We are excited to welcome Kansas City's Jessica Paige to Listen Local. Paige is an established performer and songwriter whose new Nashville-born album Sweet;Nothings showcases the growth of a versatile talent. Grounded in classic pop-soul and a voice that sounds wise beyond her years, Paige's music has a wide appeal that never compromises her uniqueness. For this edition of Listen Local, Paige was kind enough to delve into her songwriting and recording processes, with some valuable lessons learned from the road and studio, some personal picks from the Johnson County Library catalog and some samples from Sweet Nothings.
Tell us about yourself. How long have you been a musician and songwriter?
I feel like the answer to this question is, my whole life. Even when I was a tiny kid, I would run around our farm making up songs, and singing incessantly! I was in second grade the first time I sang by myself on a stage. I always knew what I wanted to be. Which, feels like a rare gift to be given; direction.
Describe your songwriting process. Who or what inspires you? How do you break through creative blocks?
I tend to write from my own experience, or stories I can connect to from people around me. I do these, what I would call, songwriting "exercises" when I am driving, or I could be doing anything, really... I try and come up with as many different ways to communicate what I am thinking, feeling or observing, lyrically. So through use of imagery, metaphor, or a very simple literal description. Exercising that muscle in your brain makes it so much more effortless to actually create the song when you finally you have something you want to write about. I am also writing all the time, or playing with chord progressions and melodies. You will come up with a lot of junk but you never know which one is going to be magic and wonderful.
You have traveled throughout the United States and have chosen Kansas City as your musical home. What did touring teach you about songwriting and performing?
The best performances and touring experiences are the least expected. You might be super excited for this great venue in some big city that you booked on a wing and a prayer, and then the night turns out to be a complete wash... Then, next day at noon on a Sunday, you roll into a tiny town in Iowa, population 150, and EVERYONE comes to the one bar that's next door to the one church, super excited to have you and appreciate your music. You walk away from those experiences feeling intensely connected with people. That is a gift of touring or traveling in general. The connection with perfect strangers where you get to share with them and they get to share with you. It transcends any superficial difference that might exist in other circumstances. It's absolutely beautiful.
Where is your favorite place to perform and why?
My home! When it smells like incense and coffee, Hah. I think that's why I prefer to perform in places that feel less contrived and more natural. It isn't a particular place as much as a particular feeling. I love performing in space that people are truly comfortable and the music feels more like a conversation than a concert. That might be a back porch or it could be next to a campfire or concert hall. Those shows are rare and certainly the best.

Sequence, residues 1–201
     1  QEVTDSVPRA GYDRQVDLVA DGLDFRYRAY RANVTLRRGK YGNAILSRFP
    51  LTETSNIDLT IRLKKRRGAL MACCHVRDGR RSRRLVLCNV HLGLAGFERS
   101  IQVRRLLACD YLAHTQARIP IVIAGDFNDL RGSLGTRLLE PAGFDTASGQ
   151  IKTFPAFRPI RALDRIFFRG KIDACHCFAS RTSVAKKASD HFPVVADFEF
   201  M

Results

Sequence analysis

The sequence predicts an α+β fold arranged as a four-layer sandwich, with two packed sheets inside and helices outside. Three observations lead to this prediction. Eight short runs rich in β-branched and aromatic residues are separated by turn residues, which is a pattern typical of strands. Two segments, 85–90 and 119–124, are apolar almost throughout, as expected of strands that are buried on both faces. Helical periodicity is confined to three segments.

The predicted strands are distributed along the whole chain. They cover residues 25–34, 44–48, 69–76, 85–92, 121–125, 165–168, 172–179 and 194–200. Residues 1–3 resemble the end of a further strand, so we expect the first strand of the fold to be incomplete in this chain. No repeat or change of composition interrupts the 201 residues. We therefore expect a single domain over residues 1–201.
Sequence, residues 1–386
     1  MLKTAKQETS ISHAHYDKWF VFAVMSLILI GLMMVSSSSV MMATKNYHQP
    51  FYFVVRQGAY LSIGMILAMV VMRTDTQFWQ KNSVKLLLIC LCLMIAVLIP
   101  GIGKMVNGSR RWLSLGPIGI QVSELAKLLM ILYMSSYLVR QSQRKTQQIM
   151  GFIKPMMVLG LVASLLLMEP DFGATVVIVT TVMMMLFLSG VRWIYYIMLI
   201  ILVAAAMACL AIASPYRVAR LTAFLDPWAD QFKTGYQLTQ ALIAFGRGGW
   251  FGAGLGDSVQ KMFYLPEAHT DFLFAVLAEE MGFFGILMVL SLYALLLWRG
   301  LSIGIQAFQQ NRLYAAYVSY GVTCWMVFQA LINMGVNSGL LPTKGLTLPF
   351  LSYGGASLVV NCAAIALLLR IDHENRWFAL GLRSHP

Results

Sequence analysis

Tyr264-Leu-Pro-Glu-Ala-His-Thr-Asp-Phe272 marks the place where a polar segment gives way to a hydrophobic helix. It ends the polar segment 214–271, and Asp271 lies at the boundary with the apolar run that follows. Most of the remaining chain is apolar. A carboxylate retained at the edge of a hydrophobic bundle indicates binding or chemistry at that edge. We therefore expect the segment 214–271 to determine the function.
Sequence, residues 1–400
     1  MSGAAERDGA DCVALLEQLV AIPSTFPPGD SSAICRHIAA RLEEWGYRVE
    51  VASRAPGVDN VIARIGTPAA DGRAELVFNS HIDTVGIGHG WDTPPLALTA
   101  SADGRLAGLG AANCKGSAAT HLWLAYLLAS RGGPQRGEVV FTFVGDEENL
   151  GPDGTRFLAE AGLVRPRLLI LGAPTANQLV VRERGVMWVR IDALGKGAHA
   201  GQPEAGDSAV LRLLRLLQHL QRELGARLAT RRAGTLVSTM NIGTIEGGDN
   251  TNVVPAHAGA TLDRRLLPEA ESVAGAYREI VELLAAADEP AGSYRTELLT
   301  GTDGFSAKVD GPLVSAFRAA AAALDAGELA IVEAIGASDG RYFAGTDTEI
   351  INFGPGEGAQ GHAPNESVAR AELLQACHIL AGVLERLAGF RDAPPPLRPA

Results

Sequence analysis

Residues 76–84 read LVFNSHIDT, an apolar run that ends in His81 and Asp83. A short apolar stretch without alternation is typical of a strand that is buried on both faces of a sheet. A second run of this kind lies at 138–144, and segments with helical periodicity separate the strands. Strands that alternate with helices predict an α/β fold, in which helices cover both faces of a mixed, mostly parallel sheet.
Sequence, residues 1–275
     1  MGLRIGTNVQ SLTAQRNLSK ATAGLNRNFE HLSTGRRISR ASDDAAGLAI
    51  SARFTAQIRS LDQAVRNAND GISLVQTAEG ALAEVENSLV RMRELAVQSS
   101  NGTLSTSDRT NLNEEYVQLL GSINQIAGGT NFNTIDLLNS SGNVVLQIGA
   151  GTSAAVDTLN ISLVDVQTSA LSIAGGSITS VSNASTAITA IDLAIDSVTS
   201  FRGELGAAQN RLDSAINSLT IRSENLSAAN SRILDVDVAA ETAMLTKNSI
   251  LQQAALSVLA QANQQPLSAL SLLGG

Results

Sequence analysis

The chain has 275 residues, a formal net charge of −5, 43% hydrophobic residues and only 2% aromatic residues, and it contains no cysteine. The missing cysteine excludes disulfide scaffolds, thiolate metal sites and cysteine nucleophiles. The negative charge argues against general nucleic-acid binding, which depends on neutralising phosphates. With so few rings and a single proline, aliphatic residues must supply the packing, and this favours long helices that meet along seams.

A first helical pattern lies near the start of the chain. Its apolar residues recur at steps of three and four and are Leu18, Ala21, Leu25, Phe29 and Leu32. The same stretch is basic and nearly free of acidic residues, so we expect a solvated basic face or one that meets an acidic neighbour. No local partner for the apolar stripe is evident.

Where and how do you record your music? What advice do you have for others who want to do the same?
I recorded my album "Sweet Nothings" in Nashville at Ocean Way Studios and Beech Creek Studios. But, I record a lot of songs (for memory sake, when I write them) using my Zoom H4 recorder or Iphone. I have a compressor mic and great headphones for mixing, if I feel like getting super involved, but I like to leave the recording to the professionals.
If I could go back and do things differently, here is what I would tell myself; stop trying to DIY. The money is worth the investment, if you have worked on your songs enough, to go have someone who knows the art of recording to record you. Expect for it to cost twice what you think and take twice as long. HIRE STUDIO MUSICIANS. There is an art to playing music live and an art to playing for a record, they are not the same skills. Shop around! I started recording in KC and found out that for the same amount of money I could record in a better studio, with better musicians in Nashville. You also have to speak out about your creative direction and know when to collaborate ideas. This is tough because it is incredibly difficult to communicate creative notions effectively. Most importantly, enjoy the ride. Your first recordings are not going to be your best, so just appreciate your growth as an artist and the journey that comes with being a musician.
Jessica's recommendations from the Johnson County Library catalog:
These reads are going to broaden your thinking with great narratives. They are some of the books that made me grow as a person (twenty thousand leagues is more of a fun one though). I am a huge bibliophile, and my library of old used books is precious to me. I hope you enjoy some of these if you haven't already.
1) Sophies World: A History of Philosophy by Jostein Gaarder
2) Things Fall Apart by Chinua Achebe
3) Native Son by Richard Wright
4) Twenty Thousand Leagues Under The Sea by Jules Verne
5) The Picture Of Dorian Gray by Oscar Wilde
6) The Metamorphosis by Franz Kafka
7) Daring Greatly by Dr. Brene Brown
8) Narcissus and Goldmund by Hermann Hesse
9) Lolita by Vladimir Nabokov
10) Cosmos by Carl Sagan